Promotion of Chronicles prompted an uncharacteristic embracing of our modern-day Bard: there was the much-anticipated, televised interview on 60 minutes; a rare interview with Dylan in Newsweek, and buzz surrounding Dylan's nomination for the Nobel Prize (which, unfortunately in the case of the Poetry prize, cannot be awarded a musician--if the rules were to be broken, Dylan would be the first songster in the Nobel's history to be granted such laurels). Simultaneously, Dylan and his band happened to be touring the United States, playing only at midsize college gyms (such as R.I.T.'s) and stages as their venues, drawing a young but musically-mature crowd. (It's worth noting here that Dylan actually cracked a cheesy joke on stage at the R.I.T. show in November--a move I interpret as an attempt at bonding, which has never before happened during the 13+ concerts I've seen.)

Could it be that Dylan himself--the man who has openly ridiculed pop-culture for its falsities, its reflexive, staged hype--wants to leave his legacy to the next generation of music-philes? (This is the man, after all, who normally shuns publicity, preferring to remain an obscure figure in a world of sell-outs.) Perhaps it is this reflexivity with which Dylan has made his peace: with the recent interviews and this publication, he is confronting and catering to the curiosity of his admirers who have revered --and misunderstood--him for decades. It his literary investment to not fade away.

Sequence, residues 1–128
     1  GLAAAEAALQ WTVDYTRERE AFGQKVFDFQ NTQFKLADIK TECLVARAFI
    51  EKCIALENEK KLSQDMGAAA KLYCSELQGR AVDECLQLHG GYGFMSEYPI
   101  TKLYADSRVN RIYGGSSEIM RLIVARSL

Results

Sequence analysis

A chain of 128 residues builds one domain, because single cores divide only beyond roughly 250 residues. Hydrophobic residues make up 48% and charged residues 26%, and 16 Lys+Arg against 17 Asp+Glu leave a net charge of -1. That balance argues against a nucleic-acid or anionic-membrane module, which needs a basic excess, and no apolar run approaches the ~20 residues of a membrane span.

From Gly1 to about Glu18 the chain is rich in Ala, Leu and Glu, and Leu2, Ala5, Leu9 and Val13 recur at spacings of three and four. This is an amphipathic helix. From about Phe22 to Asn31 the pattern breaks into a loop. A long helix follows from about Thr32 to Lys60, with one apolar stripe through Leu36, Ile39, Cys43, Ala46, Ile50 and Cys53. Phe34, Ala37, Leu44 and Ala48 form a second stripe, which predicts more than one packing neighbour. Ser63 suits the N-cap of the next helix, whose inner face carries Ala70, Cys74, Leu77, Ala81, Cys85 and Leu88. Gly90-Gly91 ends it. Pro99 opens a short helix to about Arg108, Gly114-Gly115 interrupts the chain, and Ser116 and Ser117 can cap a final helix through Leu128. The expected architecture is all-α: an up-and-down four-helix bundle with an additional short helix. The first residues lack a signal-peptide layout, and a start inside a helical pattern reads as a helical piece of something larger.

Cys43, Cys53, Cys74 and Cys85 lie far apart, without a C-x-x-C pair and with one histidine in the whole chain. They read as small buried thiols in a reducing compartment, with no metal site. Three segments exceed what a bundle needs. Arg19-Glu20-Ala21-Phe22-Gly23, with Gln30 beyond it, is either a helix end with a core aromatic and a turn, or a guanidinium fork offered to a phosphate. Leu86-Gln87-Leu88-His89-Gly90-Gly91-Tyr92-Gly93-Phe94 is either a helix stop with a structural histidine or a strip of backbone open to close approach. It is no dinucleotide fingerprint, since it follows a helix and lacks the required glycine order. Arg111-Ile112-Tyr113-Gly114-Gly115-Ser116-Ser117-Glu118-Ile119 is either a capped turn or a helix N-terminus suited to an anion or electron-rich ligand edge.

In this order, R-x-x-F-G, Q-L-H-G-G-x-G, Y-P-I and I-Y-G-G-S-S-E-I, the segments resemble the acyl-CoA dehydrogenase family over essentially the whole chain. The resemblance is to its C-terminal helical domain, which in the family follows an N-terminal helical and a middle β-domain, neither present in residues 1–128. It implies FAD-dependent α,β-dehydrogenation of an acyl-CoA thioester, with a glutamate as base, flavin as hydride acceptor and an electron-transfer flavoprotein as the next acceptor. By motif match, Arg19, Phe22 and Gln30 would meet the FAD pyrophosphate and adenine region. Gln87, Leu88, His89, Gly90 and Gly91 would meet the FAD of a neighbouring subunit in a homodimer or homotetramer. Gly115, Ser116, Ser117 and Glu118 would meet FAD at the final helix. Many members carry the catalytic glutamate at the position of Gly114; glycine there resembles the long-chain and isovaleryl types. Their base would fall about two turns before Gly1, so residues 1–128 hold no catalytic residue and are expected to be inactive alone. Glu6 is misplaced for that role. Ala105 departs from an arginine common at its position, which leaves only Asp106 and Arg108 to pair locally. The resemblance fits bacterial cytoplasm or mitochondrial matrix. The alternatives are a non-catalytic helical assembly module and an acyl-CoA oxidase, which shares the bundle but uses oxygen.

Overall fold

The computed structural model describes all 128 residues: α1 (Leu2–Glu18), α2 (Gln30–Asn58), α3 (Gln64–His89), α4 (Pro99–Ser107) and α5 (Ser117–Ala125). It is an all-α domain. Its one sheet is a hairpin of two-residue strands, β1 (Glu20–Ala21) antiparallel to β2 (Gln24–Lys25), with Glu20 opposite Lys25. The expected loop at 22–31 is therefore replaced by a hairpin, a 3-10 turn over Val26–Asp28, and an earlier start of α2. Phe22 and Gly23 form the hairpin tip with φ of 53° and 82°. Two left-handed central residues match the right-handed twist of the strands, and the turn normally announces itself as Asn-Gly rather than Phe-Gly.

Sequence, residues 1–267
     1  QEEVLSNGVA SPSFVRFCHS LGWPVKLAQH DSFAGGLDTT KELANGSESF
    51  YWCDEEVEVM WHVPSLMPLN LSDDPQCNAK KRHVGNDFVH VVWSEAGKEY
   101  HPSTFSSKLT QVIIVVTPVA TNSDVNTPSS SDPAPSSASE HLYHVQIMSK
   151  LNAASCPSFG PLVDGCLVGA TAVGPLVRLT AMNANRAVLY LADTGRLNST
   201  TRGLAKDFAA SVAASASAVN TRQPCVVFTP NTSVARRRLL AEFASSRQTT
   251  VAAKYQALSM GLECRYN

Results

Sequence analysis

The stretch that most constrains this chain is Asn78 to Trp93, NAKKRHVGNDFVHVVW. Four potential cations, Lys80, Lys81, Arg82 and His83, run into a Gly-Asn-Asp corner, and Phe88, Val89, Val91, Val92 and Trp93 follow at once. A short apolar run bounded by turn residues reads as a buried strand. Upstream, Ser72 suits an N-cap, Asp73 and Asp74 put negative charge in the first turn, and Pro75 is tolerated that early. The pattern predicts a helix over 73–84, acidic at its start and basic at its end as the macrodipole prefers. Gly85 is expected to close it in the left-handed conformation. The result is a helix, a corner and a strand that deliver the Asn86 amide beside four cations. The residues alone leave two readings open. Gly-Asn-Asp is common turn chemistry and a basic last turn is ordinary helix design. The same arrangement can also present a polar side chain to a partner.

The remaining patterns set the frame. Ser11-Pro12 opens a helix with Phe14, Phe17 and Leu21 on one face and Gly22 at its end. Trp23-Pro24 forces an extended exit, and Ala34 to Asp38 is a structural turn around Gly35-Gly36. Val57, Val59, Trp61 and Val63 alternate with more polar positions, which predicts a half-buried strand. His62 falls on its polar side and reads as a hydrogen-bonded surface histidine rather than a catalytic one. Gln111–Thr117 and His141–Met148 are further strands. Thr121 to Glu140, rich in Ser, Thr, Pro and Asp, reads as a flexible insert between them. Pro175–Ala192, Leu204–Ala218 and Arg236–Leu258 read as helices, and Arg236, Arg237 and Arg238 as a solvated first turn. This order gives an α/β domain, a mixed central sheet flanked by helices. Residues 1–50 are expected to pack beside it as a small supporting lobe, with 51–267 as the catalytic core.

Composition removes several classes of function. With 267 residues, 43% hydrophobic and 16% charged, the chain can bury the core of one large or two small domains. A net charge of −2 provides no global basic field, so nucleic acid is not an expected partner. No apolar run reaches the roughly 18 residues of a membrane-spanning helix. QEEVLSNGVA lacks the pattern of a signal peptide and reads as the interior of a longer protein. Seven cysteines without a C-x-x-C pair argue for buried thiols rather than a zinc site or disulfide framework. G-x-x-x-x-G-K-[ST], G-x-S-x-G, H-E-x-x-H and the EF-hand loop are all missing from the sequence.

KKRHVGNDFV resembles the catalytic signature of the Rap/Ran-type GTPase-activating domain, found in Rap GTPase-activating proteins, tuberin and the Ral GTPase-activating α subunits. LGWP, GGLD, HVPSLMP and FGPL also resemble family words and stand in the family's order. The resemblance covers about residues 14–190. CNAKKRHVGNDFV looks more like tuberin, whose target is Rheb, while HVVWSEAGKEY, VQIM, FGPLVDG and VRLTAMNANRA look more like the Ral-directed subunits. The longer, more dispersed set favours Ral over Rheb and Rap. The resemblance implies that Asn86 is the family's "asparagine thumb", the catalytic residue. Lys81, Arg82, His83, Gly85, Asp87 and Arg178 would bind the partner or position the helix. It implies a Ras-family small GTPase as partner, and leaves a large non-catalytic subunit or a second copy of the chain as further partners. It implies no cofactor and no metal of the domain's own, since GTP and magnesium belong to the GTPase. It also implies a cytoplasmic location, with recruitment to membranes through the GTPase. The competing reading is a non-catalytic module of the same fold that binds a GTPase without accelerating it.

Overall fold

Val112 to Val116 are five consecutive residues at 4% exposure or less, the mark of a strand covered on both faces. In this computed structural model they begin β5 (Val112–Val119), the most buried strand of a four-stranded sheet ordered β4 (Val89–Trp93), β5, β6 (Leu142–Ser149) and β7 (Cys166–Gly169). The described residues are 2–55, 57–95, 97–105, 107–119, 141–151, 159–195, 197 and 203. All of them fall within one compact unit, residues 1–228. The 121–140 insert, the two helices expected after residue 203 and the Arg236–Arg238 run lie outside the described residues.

Chronicles makes you feel as though you're sitting face-to-face in an empty, dimly-lit, roadside interstate saloon, listening to a deluge of truth. At times, Dylan gets personal, even referencing himself as a Tom Sawyer a few times, and whether that's conscious or not, the allusion connotes that he, too, has been on an improbable journey to seek out that truth. He also, surprisingly, mentions his "wife" (though he doesn't say which, you can do the homework), and some of their dialogue. With this book, he erases his own musical myth and reworks himself to us as common a man as those of whom he sings. He tells us what makes folk an unexpendable genre, what music can tell us about the state of the States, and the agony and the ecstasy of songwriting. When you're finished, you'll wish you'd taken notes. You'll want to take a class in music history. You will have laughed a little. You'll start looking for musicians you hadn't before heard of in odd record kiosks. You might even surprise yourself and dust off your guitar. But surely, you will want to give this book to a youngster, a Brittany-listener, a budding songwriter you know: you will want Dylan to continue to permeate popular consciousness the way he has for decades--growling, skeptical, poetic, and honest.

January 10, 2005

A Letter from Ukraine

Well, for lack of global wanderings of my own, I thought I'd pass along this latest update from my friends Orly and Jamie, who are Peace Corps-niks for the next several months. How many people do you know who've heard Yuschenko speak in person? Okay, then. Jamie also details their Christmas/New Years experiences, as well as a teacher's observation scenario (far, far different from anything we teachers have been through here). Settle in (it's a tome), read, and enjoy!